Political Editor Mark Devenport, Senior Journalists Mervyn Jess, Maggie Taggart and Investigations Correspondent Kevin Magee will bring a close to their time with the Corporation as part of the BBC-wide voluntary redundancy trawl announced in June of this year.
Adam Smyth, Head of BBC News NI, says: “Mark, Kevin, Maggie and Mervyn have reported on, investigated and uncovered countless significant stories in the public interest with the utmost diligence, tenacity, expertise and impartiality. They are embedded in the fabric of the BBC News NI newsroom and BBC Northern Ireland as a whole and the professionalism and dedication they have given to their craft has been beyond inspiring. While we will miss them as respected colleagues, mentors and, most of all, friends, we are happy for them and wish them every success and happiness in the future.”
Mark Devenport joined the BBC in Northern Ireland as a trainee reporter in 1986 before going on to become the corporation’s Ireland correspondent covering the IRA ceasefire and the Good Friday Agreement. In 1999 he moved to New York to become the United Nations correspondent then returned to BBC Northern Ireland in 2001 as Political Editor, reporting on Stormont’s biggest political stories for nearly 20 years. Mark presented BBC Radio Ulster’s longest running political programme Inside Politics and has been a staple of many overnight election specials.
Mervyn Jess joined the BBC in 1988 and has worked in the newsroom for the past 32 years becoming one of BBC Newsline’s most regular reporters. His career in BBC Northern Ireland has seen him cover stories for BBC Newsline on the Drumcree dispute and other contentious parades. He has also reported from Iraq after the fall of Saddam Hussein and later was embedded with the Royal Irish Regiment and the Irish Guards on two separate tours in Afghanistan. He also reported on ex-pats in Hong Kong in the run up to the handover to China.
Maggie Taggart presented flagship programmes including Good Morning Ulster and Scene Around Six as well as heading up the Business Unit. She also worked for BBC Radio 4’s Women’s Hour. In 1995 Maggie became BBC News NI’s Arts And Education correspondent which she did for 20 years.
Kevin Magee joined the BBC in 1992, and spent 12 years as a reporter on the flagship current affairs programme Spotlight. He was appointed Investigations Correspondent for BBC News NI five years ago.
He has also contributed to BBC network programmes and made documentaries for BBC Gaeilge. Kevin is a multi-award winner having been recognised numerous times for documentary making and news reporting. During his time at the BBC, he won three coveted Royal Television Awards for television programmes and news reports, and was also recognised for his work on radio with IMRO and PPI awards. He is leaving the BBC to pursue a career as an independent film maker.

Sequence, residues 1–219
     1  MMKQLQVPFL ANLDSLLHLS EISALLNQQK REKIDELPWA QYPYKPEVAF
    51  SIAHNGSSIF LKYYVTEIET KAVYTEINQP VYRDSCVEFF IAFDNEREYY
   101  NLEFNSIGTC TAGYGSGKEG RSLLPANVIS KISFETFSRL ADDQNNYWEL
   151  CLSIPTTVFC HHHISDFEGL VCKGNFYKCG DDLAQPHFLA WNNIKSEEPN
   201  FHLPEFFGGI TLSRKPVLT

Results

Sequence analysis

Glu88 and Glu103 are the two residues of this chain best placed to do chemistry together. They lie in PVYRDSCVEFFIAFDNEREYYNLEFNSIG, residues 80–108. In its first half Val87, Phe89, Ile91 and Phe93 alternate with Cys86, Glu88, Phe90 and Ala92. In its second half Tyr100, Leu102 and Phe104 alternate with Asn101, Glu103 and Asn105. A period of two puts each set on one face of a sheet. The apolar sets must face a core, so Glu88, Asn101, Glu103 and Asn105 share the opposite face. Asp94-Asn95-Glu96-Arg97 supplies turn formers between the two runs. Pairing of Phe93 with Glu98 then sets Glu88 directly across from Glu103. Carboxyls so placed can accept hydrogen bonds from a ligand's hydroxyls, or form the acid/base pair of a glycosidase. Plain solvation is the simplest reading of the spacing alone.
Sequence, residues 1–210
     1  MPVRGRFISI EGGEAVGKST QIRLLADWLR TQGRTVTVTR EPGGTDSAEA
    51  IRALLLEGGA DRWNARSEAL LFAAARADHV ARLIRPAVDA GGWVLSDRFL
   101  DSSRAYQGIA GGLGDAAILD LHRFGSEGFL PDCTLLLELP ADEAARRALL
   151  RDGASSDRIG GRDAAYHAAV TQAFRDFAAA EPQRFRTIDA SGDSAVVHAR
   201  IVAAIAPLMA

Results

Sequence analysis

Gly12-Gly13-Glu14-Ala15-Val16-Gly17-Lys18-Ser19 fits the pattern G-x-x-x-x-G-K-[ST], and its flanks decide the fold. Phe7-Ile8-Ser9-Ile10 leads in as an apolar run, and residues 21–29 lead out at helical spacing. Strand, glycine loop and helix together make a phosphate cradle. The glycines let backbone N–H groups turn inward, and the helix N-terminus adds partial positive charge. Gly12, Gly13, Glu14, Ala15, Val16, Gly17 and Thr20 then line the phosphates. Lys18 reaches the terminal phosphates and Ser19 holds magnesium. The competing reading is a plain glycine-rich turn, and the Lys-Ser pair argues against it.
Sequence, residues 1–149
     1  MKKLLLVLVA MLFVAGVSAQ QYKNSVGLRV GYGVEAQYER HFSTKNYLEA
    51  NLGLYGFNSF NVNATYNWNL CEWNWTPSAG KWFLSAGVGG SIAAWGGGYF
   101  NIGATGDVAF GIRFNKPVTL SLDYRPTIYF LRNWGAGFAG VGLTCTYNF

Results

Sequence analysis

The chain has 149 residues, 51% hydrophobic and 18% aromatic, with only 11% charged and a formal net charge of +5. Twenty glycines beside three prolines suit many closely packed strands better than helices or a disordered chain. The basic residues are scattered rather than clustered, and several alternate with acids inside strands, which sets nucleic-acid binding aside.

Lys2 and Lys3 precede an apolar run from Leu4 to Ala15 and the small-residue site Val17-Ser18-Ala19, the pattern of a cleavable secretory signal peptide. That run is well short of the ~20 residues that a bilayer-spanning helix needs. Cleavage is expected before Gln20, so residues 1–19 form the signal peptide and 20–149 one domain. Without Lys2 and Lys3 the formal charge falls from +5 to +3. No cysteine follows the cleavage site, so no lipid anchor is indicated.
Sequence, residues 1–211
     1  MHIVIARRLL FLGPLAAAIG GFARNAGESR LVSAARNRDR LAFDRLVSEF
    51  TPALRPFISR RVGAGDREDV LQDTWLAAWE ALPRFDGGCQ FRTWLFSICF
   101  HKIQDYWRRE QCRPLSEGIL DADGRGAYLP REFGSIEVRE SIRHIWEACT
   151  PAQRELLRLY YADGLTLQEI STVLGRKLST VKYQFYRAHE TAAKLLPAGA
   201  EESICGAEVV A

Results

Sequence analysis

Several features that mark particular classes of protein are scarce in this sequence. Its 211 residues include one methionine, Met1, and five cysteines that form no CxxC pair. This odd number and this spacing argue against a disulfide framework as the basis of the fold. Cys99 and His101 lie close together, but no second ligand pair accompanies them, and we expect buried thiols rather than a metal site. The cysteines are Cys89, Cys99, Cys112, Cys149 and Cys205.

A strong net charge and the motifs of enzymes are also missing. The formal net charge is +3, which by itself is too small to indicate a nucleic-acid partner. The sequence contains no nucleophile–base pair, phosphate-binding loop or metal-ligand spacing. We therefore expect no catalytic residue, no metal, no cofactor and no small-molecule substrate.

Mark said: “BBC Northern Ireland has been as much a second family to me as a workplace. I have been privileged to have had the opportunity to be an eyewitness to history, covering some tragic events but also meeting remarkable people and reporting on momentous and uplifting developments. I will miss my colleagues, who I regard as my friends, but I won’t miss all those alarm calls for early morning contributions to the BBC’s airwaves! I shall always be a journalist and someone interested in politics and society, so I intend to keep my brain ticking over in the future. For anyone who thinks they already read this story eighteen months ago, that was an April Fool, this is the real thing!”
Mervyn said: “It has been an honour and a privilege to report for the BBC for more than three decades, meeting such a diverse cross section of people. On occasions I had a front seat as little pieces of history unfolded in front of me. For that and for the generosity of spirit from those those I’ve worked alongside and the people I have interviewed, I shall always be grateful.”
Maggie said: “I’ve been privileged to have had a wonderful career at the BBC. The breadth of opportunity has meant there is always a new format, new programmes and new skills and challenges to keep journalists fresh and inquisitive. There were many exciting story highlights and many sad and tragic stories which needed covered. I turned my hand to them knowing I was delivering information and analysis on radio and television which was helpful to viewers and listeners. I am leaving BBC NI newsroom now but cannot imagine I will stop thinking up story and programme ideas for the future.”
Kevin Magee said: “I have had a great career at the BBC and I want to thank everyone who encouraged and supported me over the years both inside and outside the organisation. After working for 28 years in Broadcasting House, it is time to look for a new challenge. My first love has always been long-form journalism and I am looking forward to focusing on that full time.”
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